The nickname stuck with Potvin as he moved on to the NHL, and he became known as “The Cat” throughout his professional career. It was a fitting nickname, because Potvin was indeed both quick and agile in the net. He was a difficult goalie to beat.

Cool Thing #4: In the 1994 Playoffs, Potvin Recorded Three 1-0 Shutouts

One of the best playoff performances by any Maple Leafs’ goalie was during the 1994 NHL Western Conference Quarter-Finals. The Maple Leafs defeated the Chicago Blackhawks in six games. 

But perhaps most interesting is, in that 1994 playoff series, Potvin recorded three shutouts in those six games. All three of those ended as 1-0 games. That included back-to-back 1-0 shutouts in Games 5 and 6 to win the series. 

Cool Thing #5: Potvin Set a Maple Leafs’ Record for Playing in 74 Games

In 1997, Potvin set a franchise record by playing in 74 games in a single season and was named an NHL All-Star for the second time in his career.

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However, he was stuck on a losing team. That season the Maple Leafs’ record was 30-44-8 and they finished sixth in the NHL’s Central Division. The team’s coach was Mike Murphy and the team captain was Doug Gilmour. Of those 30 team wins, Potvin won all but three of those games. He had a losing record that season of 27-36-7 but still had a decent 3.15 GAA and .908 SV%.

Cool Thing #6: Potvin Was Part of the Maple Leafs’ “Come Back”

Part of the reason Potvin was loved so much was that he represented the Maple Leafs’ “comeback.” Between 1979-80 and Potvin’s first season in 1992-93, the Maple Leafs didn’t have a single winning season. Suddenly, with Potvin, the long-suffering Maple Leafs’ fans had something to cheer about. They had a team that actually won more games than it lost, and a goalie who actually could help them win.

In both 1992-93 and 1993-94, Potvin helped the Maple Leafs get to the conference finals. He was the goalie who helped them emerge from the darkness of losing season after season and continued suffering under the notorious Harold Ballard (who ran the team from 1972 until his death in 1990).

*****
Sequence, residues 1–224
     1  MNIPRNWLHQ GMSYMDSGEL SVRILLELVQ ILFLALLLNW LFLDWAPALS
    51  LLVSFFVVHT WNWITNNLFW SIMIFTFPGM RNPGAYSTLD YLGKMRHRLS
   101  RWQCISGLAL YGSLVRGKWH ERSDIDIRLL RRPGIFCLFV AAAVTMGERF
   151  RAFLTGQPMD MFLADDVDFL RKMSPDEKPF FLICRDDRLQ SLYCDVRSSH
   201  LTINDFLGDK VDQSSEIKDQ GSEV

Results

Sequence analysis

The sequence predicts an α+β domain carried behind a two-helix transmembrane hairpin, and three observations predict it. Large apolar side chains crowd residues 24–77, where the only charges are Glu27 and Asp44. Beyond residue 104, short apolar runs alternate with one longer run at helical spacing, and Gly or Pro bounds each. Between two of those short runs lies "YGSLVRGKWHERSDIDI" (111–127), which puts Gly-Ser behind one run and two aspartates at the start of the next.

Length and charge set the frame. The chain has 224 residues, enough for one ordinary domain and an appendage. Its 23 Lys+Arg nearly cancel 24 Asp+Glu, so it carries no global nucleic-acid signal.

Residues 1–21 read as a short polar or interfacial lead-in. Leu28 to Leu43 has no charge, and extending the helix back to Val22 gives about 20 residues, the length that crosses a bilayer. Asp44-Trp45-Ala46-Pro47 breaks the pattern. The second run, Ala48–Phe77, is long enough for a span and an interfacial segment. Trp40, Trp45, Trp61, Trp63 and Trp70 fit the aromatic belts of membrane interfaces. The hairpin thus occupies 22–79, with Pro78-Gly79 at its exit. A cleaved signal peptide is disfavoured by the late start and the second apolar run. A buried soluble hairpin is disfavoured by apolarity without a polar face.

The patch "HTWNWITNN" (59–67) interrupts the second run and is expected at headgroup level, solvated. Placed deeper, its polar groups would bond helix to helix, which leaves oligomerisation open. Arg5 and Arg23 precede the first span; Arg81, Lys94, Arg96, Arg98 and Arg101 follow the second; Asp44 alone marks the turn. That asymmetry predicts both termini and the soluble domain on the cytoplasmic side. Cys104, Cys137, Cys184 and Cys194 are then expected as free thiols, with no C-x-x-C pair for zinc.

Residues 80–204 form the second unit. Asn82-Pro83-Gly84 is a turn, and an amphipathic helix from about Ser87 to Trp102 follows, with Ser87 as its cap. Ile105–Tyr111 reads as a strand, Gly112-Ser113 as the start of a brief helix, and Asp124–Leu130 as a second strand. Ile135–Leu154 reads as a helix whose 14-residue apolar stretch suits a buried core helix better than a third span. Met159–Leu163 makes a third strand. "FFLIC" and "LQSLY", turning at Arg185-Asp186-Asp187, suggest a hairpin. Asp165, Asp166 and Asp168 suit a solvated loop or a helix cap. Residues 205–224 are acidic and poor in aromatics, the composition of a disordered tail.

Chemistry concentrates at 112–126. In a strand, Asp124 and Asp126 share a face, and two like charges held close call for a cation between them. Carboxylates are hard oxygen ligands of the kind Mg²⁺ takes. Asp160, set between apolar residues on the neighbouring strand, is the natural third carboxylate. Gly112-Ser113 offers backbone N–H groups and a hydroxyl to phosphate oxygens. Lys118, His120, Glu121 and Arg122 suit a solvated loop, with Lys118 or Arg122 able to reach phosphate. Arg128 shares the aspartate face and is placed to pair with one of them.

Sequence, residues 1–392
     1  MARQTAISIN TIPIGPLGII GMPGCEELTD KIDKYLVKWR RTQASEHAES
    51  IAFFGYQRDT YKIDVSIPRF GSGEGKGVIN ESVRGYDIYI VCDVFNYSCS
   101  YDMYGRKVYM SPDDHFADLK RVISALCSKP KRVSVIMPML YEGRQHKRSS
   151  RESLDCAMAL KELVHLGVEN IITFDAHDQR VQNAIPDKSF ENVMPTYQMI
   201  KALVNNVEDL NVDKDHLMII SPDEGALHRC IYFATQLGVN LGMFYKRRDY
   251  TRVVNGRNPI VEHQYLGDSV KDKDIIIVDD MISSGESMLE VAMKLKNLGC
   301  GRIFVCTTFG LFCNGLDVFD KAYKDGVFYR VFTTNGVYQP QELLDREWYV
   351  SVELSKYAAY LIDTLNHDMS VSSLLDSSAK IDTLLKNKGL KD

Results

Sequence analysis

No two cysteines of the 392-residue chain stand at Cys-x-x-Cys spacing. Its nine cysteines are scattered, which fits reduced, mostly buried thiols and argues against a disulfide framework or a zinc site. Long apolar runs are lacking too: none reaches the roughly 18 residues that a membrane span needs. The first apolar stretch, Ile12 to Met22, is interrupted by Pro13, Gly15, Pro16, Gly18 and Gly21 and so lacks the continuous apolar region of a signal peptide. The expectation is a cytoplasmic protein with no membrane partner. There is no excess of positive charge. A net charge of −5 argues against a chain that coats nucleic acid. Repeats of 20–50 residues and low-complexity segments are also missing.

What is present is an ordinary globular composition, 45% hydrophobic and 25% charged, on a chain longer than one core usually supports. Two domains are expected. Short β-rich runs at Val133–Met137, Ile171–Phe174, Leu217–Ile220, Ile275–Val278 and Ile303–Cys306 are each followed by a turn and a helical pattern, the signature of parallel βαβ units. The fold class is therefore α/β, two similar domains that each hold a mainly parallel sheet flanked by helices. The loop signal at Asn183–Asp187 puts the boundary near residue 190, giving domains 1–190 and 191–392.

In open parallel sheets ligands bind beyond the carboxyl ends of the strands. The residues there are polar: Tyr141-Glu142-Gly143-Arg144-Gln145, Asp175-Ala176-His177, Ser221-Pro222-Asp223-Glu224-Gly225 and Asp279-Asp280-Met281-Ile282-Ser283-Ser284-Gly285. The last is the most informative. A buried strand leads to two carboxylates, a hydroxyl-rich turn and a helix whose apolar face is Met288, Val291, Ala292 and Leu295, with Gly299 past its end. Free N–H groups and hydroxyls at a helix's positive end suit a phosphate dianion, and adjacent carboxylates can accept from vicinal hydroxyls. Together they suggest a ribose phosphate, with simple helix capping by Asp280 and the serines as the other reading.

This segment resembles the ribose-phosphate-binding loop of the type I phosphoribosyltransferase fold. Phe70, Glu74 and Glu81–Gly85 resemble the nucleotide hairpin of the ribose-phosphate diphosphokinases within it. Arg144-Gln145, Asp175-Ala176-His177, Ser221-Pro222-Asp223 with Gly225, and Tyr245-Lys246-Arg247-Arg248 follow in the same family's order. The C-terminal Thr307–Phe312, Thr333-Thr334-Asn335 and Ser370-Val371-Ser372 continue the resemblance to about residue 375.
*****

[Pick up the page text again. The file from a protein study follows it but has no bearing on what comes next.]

As a result, Potvin had become part of the renewed cultural heritage of the Maple Leafs. He was part of the team’s first taste of success after so many seasons of failure.

Cool Thing #7: Potvin “Played” a Strong Mental Game

Potvin not only was physically gifted, but he also “played” a strong mental game. He had the ability to stay focused and composed under pressure, even in high-stress situations such as playoffs or shootouts. His mental toughness allowed him to make key saves and keep his team in games, even when they were being outplayed – which was often.

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Potvin was also known for his excellent work ethic and dedication to improving his skills. He was constantly analyzing his game and looking for ways to improve his technique and positioning. This commitment to continual improvement helped him maintain a high level of play throughout his career.

Felix Potvin Was a Fan Favorite for All His Seasons Playing in Toronto

Potvin will be remembered for his strong competitive spirit and passion for the game. He was a fierce competitor and was willing to do whatever it took to help his team win. 

His unique combination of technical skill, mental toughness, work ethic, and competitive spirit made him one of the greatest goaltenders the Maple Leafs have ever had in the net.